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Good architecture, like good food or good music, is a blessing of such magnitude, most of us don’t realize its full glory until we’re presented with something truly jaw-dropping in stature. It’s no accident that so many of the world’s religions are built around temples, cathedrals and other such structures. High ceilings, colored glass and symmetrical design evoke the soul’s potential. They give off spiritual vibrations. Everyone knows Friedrich Von Schelling’s famous saying that architecture is “music in space, as it were a frozen music.”

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If I could hope for one social trend in the near future, it would be the American public’s wholesale realization of great architecture’s paramount importance in our lives. Hopefully, great architects will one day carry more cachet than rock stars or, dare I say it, professional athletes. With real estate continuing to boom, plus a handful of publications like Dwell showcasing avant house design almost as if it were the new pornography, that day may come yet. If your heart doesn’t skip a beat at the sight of a house designed in the spirit of Mies van der Rohe’s Barcelona Pavilian, you’ve got a heart of stone.

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I’m not the only person fed up with lazy urban planning that puts parking lots before storefronts, commercial developments thrown up almost overnight with little or no concern for the eye and every thought on the bottom line. That’s business, yes. But where’s the unwritten rule that we must be a community of strip-mall zombies and cookie-cutter designs? Anyone who has traveled knows that our downtown Matheson courthouse is hardly distinguishable from other cities’ courthouses. What we need is the establishment of a municipal fund of volunteer donations for the design and construction of something truly unique. We did it with the Main Library. Let’s do it again in the next five to 10 years.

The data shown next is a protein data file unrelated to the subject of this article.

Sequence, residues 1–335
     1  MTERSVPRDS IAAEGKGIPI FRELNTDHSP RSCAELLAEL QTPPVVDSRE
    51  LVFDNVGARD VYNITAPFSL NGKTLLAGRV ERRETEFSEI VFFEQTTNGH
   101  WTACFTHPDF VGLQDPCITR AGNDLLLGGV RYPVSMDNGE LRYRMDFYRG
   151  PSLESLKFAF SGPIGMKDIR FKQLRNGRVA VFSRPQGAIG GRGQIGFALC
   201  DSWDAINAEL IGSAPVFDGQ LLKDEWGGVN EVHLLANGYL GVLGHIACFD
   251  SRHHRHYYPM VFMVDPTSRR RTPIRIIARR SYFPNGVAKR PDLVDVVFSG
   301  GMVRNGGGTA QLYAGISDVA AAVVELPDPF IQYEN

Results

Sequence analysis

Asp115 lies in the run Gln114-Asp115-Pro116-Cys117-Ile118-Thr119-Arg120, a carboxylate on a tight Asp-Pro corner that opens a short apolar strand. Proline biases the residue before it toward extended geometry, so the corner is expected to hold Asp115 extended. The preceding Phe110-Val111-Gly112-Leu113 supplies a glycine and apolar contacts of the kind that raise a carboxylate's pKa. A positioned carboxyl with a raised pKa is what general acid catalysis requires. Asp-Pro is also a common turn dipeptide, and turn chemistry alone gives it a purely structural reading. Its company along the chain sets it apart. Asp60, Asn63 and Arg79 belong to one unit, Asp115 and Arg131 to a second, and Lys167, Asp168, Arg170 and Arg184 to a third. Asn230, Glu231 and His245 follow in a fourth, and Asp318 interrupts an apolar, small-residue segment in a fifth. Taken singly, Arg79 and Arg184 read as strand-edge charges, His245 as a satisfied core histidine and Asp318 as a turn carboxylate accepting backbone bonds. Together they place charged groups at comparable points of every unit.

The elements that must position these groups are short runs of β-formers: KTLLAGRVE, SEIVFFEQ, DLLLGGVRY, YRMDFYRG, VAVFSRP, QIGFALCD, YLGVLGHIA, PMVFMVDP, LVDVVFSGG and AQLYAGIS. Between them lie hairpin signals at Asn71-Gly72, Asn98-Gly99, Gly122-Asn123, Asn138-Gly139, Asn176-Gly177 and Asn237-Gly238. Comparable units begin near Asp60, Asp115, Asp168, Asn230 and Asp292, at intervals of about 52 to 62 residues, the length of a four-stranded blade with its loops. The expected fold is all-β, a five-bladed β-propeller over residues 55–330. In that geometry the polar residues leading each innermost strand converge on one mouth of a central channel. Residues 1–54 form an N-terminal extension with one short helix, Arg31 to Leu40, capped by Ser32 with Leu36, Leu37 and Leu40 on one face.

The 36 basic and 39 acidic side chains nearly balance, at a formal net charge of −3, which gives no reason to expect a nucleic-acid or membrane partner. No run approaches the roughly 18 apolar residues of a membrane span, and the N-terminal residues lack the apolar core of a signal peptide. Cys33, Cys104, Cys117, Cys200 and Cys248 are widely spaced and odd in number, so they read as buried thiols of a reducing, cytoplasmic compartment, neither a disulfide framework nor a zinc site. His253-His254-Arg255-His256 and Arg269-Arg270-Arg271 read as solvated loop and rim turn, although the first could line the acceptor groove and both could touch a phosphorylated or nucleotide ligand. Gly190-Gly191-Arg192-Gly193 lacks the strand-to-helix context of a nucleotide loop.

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We live in a city fixed in measurement around one piece of architecture in particular: the downtown Temple. But I think Salt Lake City’s moment of revelation concerning great architecture’s true potential arrived with the opening of Safdie’s marvel of a library. As a Koolhaas fan, I’d have to defer to Seattle’s Central Library as a better piece of work, but not by that much over Safdie’s.

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Gehry has his critics as well as fans. Just as Quentin Tarantino cannot make a film without gratuitous violence, Gehry seems addicted to warped, twisted and bent shapes. His materials are so reflective they allegedly induce sunburn on hot days.

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Someone famously described his Guggenheim Museum in Bilbao, Spain, as walking up to a piece of bunched-up tinfoil. That’s got to be a compliment, however. Walk around his Walt Disney Concert Hall and you’ll be amazed at how many shapes and sights it gives birth to. I relish the anticipation of driving down to Lehi to drink in Gehry’s finished creation, but my aesthete friend won’t be riding shotgun.